My previous answer dealt with the issues at Polmont, and Annie Wells will know that we have instructed a review of mental health services at Polmont, because we are not satisfied that we are in the best place possible.
We will continue to work with the Scottish Prison Service and with the national health service, which provides services in prisons. The Government is open to learning about best practice in tackling mental health issues from elsewhere, whether within or outwith the prison estate.
Congestion (Edinburgh City Bypass)
To ask the Scottish Government what its position is on a feasibility study being carried out to address congestion on the Edinburgh city bypass. (S5O-02690)
The Scottish Government recognises the important role that the A720 plays for Edinburgh and its region and for the national economy. Transport Scotland is currently monitoring the queuing on that route and is investigating how that can be managed.
Additionally, Transport Scotland is undertaking the second strategic transport projects review. That will be a multimodal review and will consider the performance of the A720. We have given a commitment to a collaborative review, which will provide a robust evidence base to support future decisions on investment in strategic transport infrastructure across Scotland for the next 20 years.
It is clear that work needs to commence now to take forward a long-term solution to address the constant gridlock on the A720. Therefore, will the Scottish Government also commit to a feasibility study? Will the minister agree to meet representatives from across the area, as I know that this issue is a growing problem for all of us across this Parliament?
The member might be interested to know that the strategic transport projects review will consider the entirety of the A720. That work, which will start next year, will be informed by the national transport strategy, which is due to be published at the end of next year.
The STPR2 will enable us to set out what our strategic investment decisions will be for our transport infrastructure over the course of the next 20 years, including making that assessment of the A720. The very process that the member makes reference to is facilitated through the STPR process, and I encourage people with an interest in the matter to engage in that process once it has been undertaken by Transport Scotland.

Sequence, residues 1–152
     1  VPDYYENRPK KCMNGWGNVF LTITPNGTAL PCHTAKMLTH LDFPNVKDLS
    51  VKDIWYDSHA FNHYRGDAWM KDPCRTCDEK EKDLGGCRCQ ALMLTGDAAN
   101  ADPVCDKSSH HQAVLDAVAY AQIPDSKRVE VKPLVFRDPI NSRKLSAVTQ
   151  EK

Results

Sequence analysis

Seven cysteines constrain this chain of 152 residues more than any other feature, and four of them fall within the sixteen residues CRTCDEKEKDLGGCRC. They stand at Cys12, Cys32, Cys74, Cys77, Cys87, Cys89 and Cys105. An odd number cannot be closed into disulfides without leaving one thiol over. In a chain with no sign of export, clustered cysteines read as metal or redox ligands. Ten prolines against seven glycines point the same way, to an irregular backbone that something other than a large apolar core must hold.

Small Business Bonus Scheme
To ask the Scottish Government how many businesses in the Stirling constituency have been lifted out of paying non-domestic rates under the small business bonus scheme. (S5O-02691)
Information on the small business bonus scheme is not currently available by parliamentary constituency but, as at 1 June 2018, 2,670 business premises were lifted out of paying rates altogether by the scheme in the Stirling Council area.
Since the small business bonus scheme was introduced by this Government, it has saved premises in Stirling nearly £39 million.
That is good information. In addition, can the minister tell us how much small businesses in my community will save next year as a result of the Scottish National Party Government’s budget, which delivers the best budget package for small businesses anywhere in the United Kingdom? I note that, incredibly, the Tories—including Dean Lockhart, who I see is here today—have said that they will vote against that budget.
I share the member’s incredulity that the Tories might be considering voting against something that saves businesses such a great deal in hard cash. Spend on the small business scheme was £5.8 million in 2018-19 in the Stirling Council area and, as I said, since the scheme was introduced by the Government, it has saved premises in that area a whopping £38.9 million.
Figures that the Scottish Government released two weeks ago show that more than 1,200 businesses, large and small, across the Stirling area have waited more than 18 months for the outcome of their appeals against punishing rate increases. For many, the outcome of their appeal will be the difference between staying in business or being forced to close and lay off staff. If, like me, the minister finds that situation unacceptable, what measures will she introduce to address it?